Stories about Middle East & North Africa from May, 2010
Emotions are running high across the Middle East and North Africa (MENA), after Israel attacked a peaceful flotilla carrying humanitarian aid to besieged Gaza - and the Twittersphere is ablaze. Also, are tweets commenting on the situation being censored?
Lebanese blogger and geek Mir talks about six “evil” challenges women in the IT world face in her latest post.
Bahraini blogger Mahmood Al Yousif attended a 10-day programme organised by the German Federal Foreign Office. His conclusion: “Germany is not that free after all!”
Cannes 2010 award-winning film "Of Gods and Men" discusses the killings of the French monks of Tibhirine monastery in 1996. The movie sparks various reactions, from praises to spiritual debates, from bloggers in Algeria, France and around the world.
Two bloggers and one leading student activist - deprived of their pen and blogs in an Iranian prison - are now using a hunger strike to protest prison conditions and defend their rights.
Nine ships sailing from various destinations, including Ireland, Turkey and Greece, are headed towards the Gaza Strip, with the goal of breaking the Israeli maritime blockade. Gilad Lotan takes a closer look at reactions from the Hebrew blogosphere.
What's overshadowing the Lebanese municipal elections? Free Thinking Lebanon blames football for stealing its thunder.
Gold dispensing machines? Ammaro, from Bahrain, discusses Abu Dhabi's new flashy Gold ATMs in this post.
From Jordan, Karabeeb (Ar) interviews a grave digger – and discusses his profession.
As of May 2010, Facebook has 15 million users from the Middle East and North Africa (excluding Iran, Israel and Turkey), reports Spot On. Seventy per cent of the users are in Egypt, Morocco, Tunisia, Saudi Arabia and the United Arab Emirates.
Qatar-based Al Jazeera Network has announced The Al Jazeera Initiative for Internet Freedom. For more information, click here.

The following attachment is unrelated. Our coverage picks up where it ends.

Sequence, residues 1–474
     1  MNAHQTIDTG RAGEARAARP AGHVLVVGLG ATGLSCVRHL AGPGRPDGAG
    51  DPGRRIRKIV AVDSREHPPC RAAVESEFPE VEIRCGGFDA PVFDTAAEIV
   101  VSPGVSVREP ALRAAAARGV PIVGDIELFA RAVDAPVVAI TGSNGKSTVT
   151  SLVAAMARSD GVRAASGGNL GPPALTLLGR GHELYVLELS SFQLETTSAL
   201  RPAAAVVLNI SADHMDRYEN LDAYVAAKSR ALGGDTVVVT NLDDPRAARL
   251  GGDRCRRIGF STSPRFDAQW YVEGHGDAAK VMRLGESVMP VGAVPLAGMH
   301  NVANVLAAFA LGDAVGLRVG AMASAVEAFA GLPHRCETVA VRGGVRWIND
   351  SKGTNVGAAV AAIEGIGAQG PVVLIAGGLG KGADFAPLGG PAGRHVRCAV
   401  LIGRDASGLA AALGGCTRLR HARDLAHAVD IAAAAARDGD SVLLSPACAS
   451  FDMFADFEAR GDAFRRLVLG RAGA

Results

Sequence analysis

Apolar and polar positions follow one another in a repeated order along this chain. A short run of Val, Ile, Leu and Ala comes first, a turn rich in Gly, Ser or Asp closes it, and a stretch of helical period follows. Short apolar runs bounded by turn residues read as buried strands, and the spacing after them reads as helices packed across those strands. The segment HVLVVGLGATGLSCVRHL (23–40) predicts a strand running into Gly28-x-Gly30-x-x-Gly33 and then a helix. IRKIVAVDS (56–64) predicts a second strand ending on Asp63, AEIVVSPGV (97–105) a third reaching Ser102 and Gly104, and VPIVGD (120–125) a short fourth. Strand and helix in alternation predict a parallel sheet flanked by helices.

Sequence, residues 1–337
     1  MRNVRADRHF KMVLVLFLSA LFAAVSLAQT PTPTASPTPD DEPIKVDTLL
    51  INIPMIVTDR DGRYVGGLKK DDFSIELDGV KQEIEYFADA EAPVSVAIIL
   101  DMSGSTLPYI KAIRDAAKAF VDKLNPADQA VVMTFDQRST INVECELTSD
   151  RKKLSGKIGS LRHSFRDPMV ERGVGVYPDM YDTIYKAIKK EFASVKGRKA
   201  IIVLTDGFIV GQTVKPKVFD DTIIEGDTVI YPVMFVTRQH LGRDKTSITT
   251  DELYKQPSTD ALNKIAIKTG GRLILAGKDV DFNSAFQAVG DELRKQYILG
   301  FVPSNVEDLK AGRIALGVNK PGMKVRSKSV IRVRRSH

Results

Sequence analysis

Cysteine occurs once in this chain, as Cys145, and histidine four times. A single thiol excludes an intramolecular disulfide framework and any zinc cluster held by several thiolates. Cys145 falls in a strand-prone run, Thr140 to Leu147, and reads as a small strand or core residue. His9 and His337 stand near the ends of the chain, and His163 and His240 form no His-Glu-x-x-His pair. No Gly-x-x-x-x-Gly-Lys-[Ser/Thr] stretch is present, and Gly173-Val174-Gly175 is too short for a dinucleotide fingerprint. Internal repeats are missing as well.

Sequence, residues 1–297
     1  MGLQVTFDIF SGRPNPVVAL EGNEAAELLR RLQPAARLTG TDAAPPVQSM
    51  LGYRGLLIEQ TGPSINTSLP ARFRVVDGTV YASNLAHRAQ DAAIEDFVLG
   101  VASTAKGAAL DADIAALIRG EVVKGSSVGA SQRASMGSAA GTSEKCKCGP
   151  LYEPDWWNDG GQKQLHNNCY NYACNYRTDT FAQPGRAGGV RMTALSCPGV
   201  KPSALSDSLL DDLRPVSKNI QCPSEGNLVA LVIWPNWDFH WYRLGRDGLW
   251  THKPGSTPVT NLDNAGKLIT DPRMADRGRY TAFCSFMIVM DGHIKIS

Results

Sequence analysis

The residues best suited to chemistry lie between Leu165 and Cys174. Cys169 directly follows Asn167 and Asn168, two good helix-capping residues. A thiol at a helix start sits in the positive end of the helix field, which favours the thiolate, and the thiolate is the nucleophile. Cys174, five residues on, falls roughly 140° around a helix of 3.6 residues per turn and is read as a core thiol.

Mauritanian blogger Nasser Weddady sheds light on cyberactivism in Tunisia with this insightful post, dedicated to the memory of Tunisian dissident and internet activist Zouhair Yahyahoui.
Bahraini Mahmood Al Yousif comments on the blocking of sites around the world – and the excuses given for that.
Brazilian bloggers react to the deal reached between Brazil, Turkey and Iran concerning the uranium enrichment of the latter: from optimism to skepticism, here are some thoughts on the role of Brazil in such an international turnaround.
“Democracy is only the beginning” is the name of a short film created by Franklin Pham and Arya Ghavamian. Several Iranian bloggers including Kamangir encouraged [fa] Iranians to vote for this film in Democracy Challenge site.
Bloggers in the UAE are outraged after a video was posted on YouTube showing young men driving in a reckless manner in broad daylight on one of Dubai's busiest streets.
If you tell anyone you live in the Arabian Gulf, two things come to their mind - oil and camels. Noora Nasrallah, who tweets as PurpleNano, describes her encounter with a camel in the UAE a series of tweets today.
Rima Fakih, an Arab Muslim immigrant, won the Miss USA Pageant. There are those who considered her award an Arab victory, those who considered her a Muslim disgrace, and others who dug up her past.
The fire ignited by the Everybody Draw Mohammed Day on Facebook, is still raging. Here is a snap shot of reactions from across the Middle East.
Sherine Tadros, whose location is listed as Jerusalem/Gaza, tweets: “The israeli army head responsible for #gaza just told me there is ‘no humanitarian crisis’ in the strip. 80% poverty apparently not a cr…”
From Bahrain, ammar456 observes on Twitter: “The days just seem to fly by. Things didn't move this fast when we were kids.”